7 Both instructors held bi-weekly synchronous chat sessions online with their class sections as an instructionally designed engagement effort within the course. All students confirmed the fact that the chats were held within the LMS environment and were either led by the instructor (50%) or by a rotating student leader (50%). 100% of the students in the first section commented that they were happy that the instructor led the chats and 100% also did not prefer to have a rotating student leader for the chats instead. But in the second section, 95% agreed they were happy with using a rotating student leader and just 5% unhappy. The greatest disparity was with the fact that 33% of this second section did feel that they would have preferred to have the instructor lead the chats vs. the rotating student leader. Overall 48% of students in both sections strongly agreed and 41% agreed that they liked these type of live discussions, while just 9% were undecided and only 2% disagreed. None of the students selected the category of strongly disagree on the Likert scale to the question of liking the live chats during the course. Both instructors also liked holding the chats even though each held them differently with one of them leading the chats, and the other letting a rotating student leader hold the chats. Each instructor also commented that they would not change their method and switch to instructor led chats or student led chats or vice versa. Student responses on the question of whether or not the synchronous or live chats helped to engage students in the course more resulted in identical numbers to the previous question with 48% students answering strongly agreed and 41% agreed, 9% undecided and 2% disagree. Once again, there were no students that selected the category of strongly disagree on the Likert scale. Both instructors felt that these synchronous chats did indeed engage their students in the course according to their survey answers. Finally, students were asked how connected they felt to their fellow classmates and their instructor compared to that of a traditional face-to-face course given the online course contained the synchronous chats. Table 8 reflects both student sections answers: Table 8. Student Connectedness Rate To Classmates To Instructor Less 32% 20% More 20% 20% The Same 48% 59% Likewise, the instructors were asked how connected they felt their students were to each other and how connected they were to their students by the end of the course considering the various instructional elements including the synchronous chats. The answers were equally divided with one instructor answering they were connected to their students less while the other instructor replied the same. By the same token, when asked how connected their students were to each other one instructor replied less than a traditional classroom while the other answered with the same again. Final Grades vs. Chat, Message and Total LMS Activity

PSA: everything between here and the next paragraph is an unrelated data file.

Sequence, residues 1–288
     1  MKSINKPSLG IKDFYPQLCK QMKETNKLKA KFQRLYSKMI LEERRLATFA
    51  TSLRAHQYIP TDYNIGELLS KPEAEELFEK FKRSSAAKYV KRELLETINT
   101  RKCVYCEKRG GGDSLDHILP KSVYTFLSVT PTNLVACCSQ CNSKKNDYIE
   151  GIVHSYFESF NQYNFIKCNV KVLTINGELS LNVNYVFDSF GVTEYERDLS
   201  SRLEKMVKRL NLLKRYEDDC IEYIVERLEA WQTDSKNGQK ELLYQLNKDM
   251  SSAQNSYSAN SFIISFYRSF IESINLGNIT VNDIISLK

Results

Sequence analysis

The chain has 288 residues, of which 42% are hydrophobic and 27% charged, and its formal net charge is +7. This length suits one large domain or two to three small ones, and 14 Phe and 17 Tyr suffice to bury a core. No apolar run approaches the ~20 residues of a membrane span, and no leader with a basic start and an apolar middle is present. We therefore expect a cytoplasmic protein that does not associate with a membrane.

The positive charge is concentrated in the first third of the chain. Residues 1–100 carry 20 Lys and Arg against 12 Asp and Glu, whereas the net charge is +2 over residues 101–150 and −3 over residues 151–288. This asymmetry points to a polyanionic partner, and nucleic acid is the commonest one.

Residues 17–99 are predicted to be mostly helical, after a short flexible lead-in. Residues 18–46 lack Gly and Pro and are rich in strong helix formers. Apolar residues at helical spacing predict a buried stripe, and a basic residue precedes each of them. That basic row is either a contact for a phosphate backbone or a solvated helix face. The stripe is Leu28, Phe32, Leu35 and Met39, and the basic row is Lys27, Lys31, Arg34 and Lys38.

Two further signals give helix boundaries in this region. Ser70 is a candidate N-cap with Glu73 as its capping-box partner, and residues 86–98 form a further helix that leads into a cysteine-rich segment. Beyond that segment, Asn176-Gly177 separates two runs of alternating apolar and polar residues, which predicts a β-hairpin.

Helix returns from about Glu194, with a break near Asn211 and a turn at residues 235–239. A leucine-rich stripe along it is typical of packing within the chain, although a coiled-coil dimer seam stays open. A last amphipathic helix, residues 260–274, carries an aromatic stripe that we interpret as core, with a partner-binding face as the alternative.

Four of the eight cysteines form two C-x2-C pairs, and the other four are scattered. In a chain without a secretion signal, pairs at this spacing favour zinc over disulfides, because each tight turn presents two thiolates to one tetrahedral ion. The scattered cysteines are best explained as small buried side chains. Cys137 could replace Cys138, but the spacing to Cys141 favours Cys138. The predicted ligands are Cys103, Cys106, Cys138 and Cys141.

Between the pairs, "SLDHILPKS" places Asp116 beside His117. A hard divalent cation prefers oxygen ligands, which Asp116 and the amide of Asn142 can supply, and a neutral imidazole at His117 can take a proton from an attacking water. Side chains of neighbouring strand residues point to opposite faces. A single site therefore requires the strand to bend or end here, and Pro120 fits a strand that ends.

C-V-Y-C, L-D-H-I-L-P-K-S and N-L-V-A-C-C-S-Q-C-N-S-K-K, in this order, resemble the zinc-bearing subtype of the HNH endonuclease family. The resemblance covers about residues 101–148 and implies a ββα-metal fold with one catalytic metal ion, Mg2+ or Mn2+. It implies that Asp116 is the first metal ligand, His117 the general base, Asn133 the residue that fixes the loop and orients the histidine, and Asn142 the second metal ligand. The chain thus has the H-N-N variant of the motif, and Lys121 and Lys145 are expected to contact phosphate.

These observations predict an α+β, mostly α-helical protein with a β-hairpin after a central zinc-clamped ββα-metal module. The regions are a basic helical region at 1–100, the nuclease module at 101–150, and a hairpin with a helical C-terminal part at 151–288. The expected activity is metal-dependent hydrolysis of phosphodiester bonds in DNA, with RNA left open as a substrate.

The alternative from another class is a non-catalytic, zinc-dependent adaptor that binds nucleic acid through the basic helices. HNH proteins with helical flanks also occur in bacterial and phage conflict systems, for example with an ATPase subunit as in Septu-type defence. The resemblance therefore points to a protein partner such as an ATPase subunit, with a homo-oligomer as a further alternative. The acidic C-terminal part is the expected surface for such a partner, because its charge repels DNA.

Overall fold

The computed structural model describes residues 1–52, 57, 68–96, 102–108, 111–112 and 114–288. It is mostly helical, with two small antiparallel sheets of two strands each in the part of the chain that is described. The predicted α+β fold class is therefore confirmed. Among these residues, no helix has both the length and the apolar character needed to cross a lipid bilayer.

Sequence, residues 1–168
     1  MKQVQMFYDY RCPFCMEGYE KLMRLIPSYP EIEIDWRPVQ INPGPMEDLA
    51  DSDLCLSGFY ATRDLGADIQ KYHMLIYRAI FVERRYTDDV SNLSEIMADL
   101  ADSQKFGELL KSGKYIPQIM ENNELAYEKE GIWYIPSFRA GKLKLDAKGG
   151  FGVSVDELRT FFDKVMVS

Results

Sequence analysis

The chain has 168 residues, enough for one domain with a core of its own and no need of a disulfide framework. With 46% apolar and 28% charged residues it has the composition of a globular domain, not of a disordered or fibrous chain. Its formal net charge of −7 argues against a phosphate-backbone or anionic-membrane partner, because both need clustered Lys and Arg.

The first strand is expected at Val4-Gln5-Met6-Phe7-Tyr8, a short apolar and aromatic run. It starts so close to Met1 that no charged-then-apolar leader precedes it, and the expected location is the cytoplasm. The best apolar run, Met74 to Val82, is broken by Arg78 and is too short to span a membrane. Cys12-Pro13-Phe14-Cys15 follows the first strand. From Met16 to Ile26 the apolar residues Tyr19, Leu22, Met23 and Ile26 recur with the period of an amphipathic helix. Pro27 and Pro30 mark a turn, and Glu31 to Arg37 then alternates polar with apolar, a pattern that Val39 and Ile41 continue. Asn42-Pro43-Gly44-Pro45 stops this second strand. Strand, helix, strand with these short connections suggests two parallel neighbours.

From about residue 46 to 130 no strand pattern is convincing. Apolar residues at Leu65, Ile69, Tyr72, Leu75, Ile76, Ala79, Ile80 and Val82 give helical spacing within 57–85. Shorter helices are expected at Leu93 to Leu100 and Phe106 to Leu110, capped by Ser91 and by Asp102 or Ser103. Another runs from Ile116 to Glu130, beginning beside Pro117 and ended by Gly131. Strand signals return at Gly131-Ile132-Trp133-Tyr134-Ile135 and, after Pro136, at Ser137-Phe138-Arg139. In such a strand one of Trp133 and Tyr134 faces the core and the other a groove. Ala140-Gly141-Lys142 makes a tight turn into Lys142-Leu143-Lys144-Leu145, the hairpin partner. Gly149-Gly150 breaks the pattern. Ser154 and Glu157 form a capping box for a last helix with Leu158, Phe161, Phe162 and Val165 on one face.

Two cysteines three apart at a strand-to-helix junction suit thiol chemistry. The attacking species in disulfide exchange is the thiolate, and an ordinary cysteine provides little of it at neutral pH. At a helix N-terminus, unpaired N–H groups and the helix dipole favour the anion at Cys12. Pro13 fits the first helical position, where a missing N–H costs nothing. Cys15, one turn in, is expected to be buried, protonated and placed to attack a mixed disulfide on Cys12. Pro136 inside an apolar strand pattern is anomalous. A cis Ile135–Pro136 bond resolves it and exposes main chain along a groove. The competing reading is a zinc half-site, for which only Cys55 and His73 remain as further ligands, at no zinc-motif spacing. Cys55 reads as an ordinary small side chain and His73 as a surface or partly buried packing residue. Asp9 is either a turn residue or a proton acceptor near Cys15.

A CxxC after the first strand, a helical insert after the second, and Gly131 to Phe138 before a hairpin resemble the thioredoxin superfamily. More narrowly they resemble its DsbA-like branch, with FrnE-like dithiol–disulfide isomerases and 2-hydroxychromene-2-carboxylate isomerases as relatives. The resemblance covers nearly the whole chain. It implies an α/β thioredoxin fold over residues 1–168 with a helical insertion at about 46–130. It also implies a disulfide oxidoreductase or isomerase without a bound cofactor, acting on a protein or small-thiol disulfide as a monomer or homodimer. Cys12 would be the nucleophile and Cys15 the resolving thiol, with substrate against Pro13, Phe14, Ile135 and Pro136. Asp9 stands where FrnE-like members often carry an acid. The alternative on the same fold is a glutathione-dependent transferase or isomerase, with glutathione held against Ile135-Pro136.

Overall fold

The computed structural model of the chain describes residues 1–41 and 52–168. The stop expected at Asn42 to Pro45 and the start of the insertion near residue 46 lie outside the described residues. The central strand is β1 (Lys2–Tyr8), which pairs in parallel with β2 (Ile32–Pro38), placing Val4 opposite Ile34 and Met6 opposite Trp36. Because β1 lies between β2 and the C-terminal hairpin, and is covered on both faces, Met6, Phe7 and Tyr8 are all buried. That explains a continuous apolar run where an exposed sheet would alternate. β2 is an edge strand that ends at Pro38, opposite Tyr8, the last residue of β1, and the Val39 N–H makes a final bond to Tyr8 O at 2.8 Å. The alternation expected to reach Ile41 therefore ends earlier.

8 Outside of the survey, students final grades were collected along with total site usage, total chat activity, and total message activity within the learning management system. Researchers were curious to discover: 1. If there was any relationship between students final grades and the amount of site activity, chat activity, or message activity within the learning management system. 2. If increased site, chat or message activity impacted students final grades in any manner. In order to answer these questions about the relationship between the different variables, a Pearson Correlation was first performed on each set. To start, final course grades were examined with total site usage of the learning management system. This produced a significant correlation (p=.000) of.479 as Figure 1 demonstrates below: Figure 1. Total Site Activity G r a d e R² = Total Site Activity/Usage Next, final course grades were analyzed against chat room activity in the learning management system. This also produced a significant relationship (p=.001) result of.450 as Figure 2 displays:

9 Figure 2. Chat Activity 12 G r a d e R² = Chat Room Activity Finally, final course grades were evaluated alongside message activity in the learning management system. This time, however, the relationship was extremely low at.125 and not statistically significant (p=.391) then as Figure 3 reveals: Figure 3. Message Activity R² = G r a d e Message Board Activity To answer the second question of if increased site, chat or message activity impacted students final grades in any manner, a regression analysis was performed on all sets of the data as previously matched. In order to perform this final course grades were converted to a 12 point scale, so an A+ = 12, an A = 11, an A- = 10, and so forth. Table 9 demonstrates the ANOVA results and Table 10 displays the final results for all sets of the data: